icon-    folder.gif   Conference Reports for NATAP  
  Conference on Retroviruses
and Opportunistic Infections
Will be Virtual
Boston USA
March 6-10, 2021
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  CROI 2021 March 6-10 reported by Jules Levin
Risa M . Hoffman1, Lauren Ziemba2, Sean Brummel2, Lameck Chinula3, Teacler G. Nematadzira4, Frances Nakayiwa5, Jeff Stringer6, Chelsea Krotje7, Patrick Jean-Philippe8, Anne Coletti9, Rebecca Zash10, Roger Shapiro10, Paul Sax11, Judith S. Currier1, Shahin Lockman11
1University of California Los Angeles, Los Angeles, CA, USA, 2Harvard TH Chan School of Public Health, Boston, MA, USA, 3University of North Carolina Project–Malawi, Lilongwe, Malawi, 4University of Zimbabwe, Harare, Zimbabwe, 5Makerere University–Johns Hopkins University Research Collaboration, Kampala, Uganda, 6University of North Carolina at Chapel Hill, Chapel Hill, NC, USA, 7Frontier Science Ltd., Inverness-shire, UK, 8National Institute of Allergy and Infectious Diseases, Rockville, MD, USA, 9FHI 360, Durham, NC, USA, 10Beth Israel Deaconess Medical Center, Boston, MA, USA, 11Brigham and Women's Hospital, Boston, MA, USA
Background: Insufficient and excess weight gain during pregnancy have been associated with adverse pregnancy outcomes. We evaluated the association between antepartum weight gain and adverse pregnancy outcomes in secondary analyses of IMPAACT 2010 data.
Methods: Women with HIV-1 in 9 countries were randomized 1:1:1 at 14-28 weeks gestational age (GA) to start dolutegravir (DTG)+emtricitabine(FTC)/ tenofovir alafenamide fumarate (TAF) vs. DTG+FTC/tenofovir disoproxil fumarate(TDF) vs. efavirenz (EFV)/FTC/TDF. By-arm differences in average antepartum weekly weight gain were estimated using generalized estimating equations. Low weight gain was defined as <0.18 kg/week and high weight gain as >0.59 kg/week (Institute of Medicine). Time to event analyses were used to estimate risk of the composite adverse pregnancy outcome of stillbirth (≥20 wks GA), preterm delivery (<37 wks GA) and small for gestational age (SGA: <10th percentile), as well as each of these individual outcomes and neonatal death, using Cox-proportional hazards regression models with weight gain as a time-varying covariate.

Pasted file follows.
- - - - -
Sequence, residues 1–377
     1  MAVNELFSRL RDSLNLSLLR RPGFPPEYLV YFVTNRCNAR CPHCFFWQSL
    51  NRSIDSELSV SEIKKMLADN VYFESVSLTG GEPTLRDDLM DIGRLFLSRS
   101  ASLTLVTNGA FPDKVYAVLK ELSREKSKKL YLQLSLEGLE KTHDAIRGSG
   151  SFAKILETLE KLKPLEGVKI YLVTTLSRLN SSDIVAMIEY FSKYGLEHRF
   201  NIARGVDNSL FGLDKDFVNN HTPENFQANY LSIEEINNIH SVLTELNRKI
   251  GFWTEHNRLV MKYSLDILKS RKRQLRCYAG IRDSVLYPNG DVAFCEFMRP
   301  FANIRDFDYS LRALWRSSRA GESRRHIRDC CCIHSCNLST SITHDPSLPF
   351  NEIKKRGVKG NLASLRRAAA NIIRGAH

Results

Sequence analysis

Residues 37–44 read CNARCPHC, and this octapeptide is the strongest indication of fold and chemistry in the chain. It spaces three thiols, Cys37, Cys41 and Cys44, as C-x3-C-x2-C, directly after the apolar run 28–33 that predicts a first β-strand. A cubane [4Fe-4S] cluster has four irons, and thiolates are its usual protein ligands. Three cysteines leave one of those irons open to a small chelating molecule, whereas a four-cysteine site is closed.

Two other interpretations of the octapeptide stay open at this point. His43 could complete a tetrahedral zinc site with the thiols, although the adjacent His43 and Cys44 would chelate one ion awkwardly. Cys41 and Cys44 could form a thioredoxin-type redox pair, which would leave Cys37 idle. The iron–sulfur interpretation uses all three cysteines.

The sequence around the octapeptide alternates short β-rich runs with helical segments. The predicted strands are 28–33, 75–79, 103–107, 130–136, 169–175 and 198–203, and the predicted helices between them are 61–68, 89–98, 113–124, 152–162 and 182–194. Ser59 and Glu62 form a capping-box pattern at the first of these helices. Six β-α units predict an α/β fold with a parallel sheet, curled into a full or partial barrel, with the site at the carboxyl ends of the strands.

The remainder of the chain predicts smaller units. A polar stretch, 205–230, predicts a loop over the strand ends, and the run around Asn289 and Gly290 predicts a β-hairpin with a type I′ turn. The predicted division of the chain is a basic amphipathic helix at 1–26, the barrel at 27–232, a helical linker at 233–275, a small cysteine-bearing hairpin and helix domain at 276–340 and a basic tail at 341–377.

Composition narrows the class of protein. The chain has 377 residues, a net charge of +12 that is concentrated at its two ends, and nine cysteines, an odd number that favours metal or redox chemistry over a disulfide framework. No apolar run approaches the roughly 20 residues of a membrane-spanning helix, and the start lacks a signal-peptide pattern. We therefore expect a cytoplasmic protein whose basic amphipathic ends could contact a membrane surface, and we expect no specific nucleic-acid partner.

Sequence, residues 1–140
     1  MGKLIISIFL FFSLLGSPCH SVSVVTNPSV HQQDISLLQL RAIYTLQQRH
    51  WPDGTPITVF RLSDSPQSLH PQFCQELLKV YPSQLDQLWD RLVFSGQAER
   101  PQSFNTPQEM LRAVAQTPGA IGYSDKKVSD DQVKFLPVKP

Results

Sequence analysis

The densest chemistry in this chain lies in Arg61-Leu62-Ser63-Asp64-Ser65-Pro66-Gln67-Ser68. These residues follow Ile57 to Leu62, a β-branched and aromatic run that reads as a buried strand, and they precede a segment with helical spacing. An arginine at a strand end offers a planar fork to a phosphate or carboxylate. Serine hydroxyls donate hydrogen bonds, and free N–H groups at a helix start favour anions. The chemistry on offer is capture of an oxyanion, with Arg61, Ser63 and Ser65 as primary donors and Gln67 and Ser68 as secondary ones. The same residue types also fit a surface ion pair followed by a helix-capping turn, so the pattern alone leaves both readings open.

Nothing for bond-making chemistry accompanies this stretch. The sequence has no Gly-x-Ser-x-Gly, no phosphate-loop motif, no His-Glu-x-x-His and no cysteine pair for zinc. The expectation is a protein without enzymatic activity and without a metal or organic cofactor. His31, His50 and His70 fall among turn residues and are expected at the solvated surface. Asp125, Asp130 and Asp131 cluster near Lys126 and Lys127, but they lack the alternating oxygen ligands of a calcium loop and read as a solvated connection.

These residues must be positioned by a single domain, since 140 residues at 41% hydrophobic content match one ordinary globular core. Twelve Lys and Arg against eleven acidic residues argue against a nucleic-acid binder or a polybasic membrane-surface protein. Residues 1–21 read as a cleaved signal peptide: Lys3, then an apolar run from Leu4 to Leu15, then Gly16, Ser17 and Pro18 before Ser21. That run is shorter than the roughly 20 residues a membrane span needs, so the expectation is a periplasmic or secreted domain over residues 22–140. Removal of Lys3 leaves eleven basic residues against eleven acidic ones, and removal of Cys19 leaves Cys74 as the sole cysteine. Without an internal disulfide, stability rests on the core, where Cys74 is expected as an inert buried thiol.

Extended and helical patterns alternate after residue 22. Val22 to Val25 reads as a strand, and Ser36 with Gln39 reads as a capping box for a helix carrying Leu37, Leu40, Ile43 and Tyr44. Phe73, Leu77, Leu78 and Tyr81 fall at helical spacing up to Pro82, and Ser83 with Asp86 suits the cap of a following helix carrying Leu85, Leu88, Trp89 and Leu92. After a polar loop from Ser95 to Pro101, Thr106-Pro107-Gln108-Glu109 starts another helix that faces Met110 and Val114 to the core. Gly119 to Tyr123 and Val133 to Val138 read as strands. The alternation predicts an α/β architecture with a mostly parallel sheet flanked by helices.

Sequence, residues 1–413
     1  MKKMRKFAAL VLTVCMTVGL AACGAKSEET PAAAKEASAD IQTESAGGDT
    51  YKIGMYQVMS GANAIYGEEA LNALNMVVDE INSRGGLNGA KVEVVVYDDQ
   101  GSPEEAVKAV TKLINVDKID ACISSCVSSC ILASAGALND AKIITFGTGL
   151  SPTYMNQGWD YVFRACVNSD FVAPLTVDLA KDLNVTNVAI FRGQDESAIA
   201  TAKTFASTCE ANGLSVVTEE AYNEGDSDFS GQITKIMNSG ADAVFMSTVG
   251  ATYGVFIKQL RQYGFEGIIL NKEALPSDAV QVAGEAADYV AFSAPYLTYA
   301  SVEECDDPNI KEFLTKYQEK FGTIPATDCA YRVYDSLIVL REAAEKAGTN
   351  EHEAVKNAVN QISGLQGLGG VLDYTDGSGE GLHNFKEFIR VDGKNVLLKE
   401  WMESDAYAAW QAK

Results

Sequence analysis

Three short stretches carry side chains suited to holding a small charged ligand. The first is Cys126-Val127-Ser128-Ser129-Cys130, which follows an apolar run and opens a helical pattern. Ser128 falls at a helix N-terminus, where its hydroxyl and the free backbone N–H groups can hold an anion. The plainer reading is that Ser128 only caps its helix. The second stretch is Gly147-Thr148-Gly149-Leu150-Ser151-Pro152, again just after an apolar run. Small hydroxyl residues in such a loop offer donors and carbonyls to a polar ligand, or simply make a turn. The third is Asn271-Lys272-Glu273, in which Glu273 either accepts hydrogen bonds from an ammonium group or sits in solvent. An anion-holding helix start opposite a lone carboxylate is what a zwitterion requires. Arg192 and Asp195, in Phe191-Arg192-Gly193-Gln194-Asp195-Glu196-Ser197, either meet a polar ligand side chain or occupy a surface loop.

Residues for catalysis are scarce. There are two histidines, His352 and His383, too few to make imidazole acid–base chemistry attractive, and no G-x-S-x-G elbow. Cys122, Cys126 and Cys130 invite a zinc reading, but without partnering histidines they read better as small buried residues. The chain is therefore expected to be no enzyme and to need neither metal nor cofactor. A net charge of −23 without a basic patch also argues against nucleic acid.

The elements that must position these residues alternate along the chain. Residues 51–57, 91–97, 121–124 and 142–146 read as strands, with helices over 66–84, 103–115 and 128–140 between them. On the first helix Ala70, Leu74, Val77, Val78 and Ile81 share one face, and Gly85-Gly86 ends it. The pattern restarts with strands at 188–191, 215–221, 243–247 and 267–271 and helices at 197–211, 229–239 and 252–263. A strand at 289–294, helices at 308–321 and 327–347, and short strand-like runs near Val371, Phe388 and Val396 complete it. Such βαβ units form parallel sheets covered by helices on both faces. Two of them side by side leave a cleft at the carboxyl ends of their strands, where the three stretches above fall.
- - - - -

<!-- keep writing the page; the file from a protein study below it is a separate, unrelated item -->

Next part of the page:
Results: 643 participants were randomized: 217 in DTG+FTC/TAF, 215 in DTG+FTC/TDF, and 211 in EFV/FTC/TDF arms. Baseline medians were: GA 21.9 weeks, HIV RNA 903 cp/mL, CD4 count 466 cells/uL. The rate of adverse pregnancy outcome was lowest with DTG+FTC/TAF. Weekly average weight gain was highest with DTG+FTC/TAF (0.378kg) compared to DTG+FTC/TDF (0.319kg, p=0.011) and EFV/FTC/TDF (0.291kg, p<0.001). Low weight gain was least common with DTG+FTC/TAF (15.0%) compared with DTG+FTC/TDF (23.6%) or EFV/FTC/TDF (30.0%), with the opposite pattern for high weight gain: DTG+FTC/ TAF (12.7%) vs. DTG+FTC/TDF (9.9%) vs. EFV/FTC/TDF (6.3%). Overall, low weight gain was associated with higher risk of any adverse pregnancy outcome (HR 1.4, 95%CI 1.02,1.96) and of SGA (HR 1.5, 95% CI 0.99,2.22). For women in the DTG+FTC/TAF arm, low weight gain was also associated with higher risk of stillbirth (HR 6.2, 95%CI 1.16,32.81) and preterm delivery (HR 3.7, 95%CI 1.14,11.92) compared with normal weight gain. There were no associations between high weight gain and adverse pregnancy outcomes or low or high weight gain and neonatal death.
Conclusion: Low (but not high) weight gain was associated with adverse pregnancy outcomes. Women starting DTG+FTC/TAF in pregnancy gained more weight antepartum than women starting DTG+FTC/TDF or EFV/FTC/TDF, while women starting EFV/FTC/TDF had the lowest weight gain.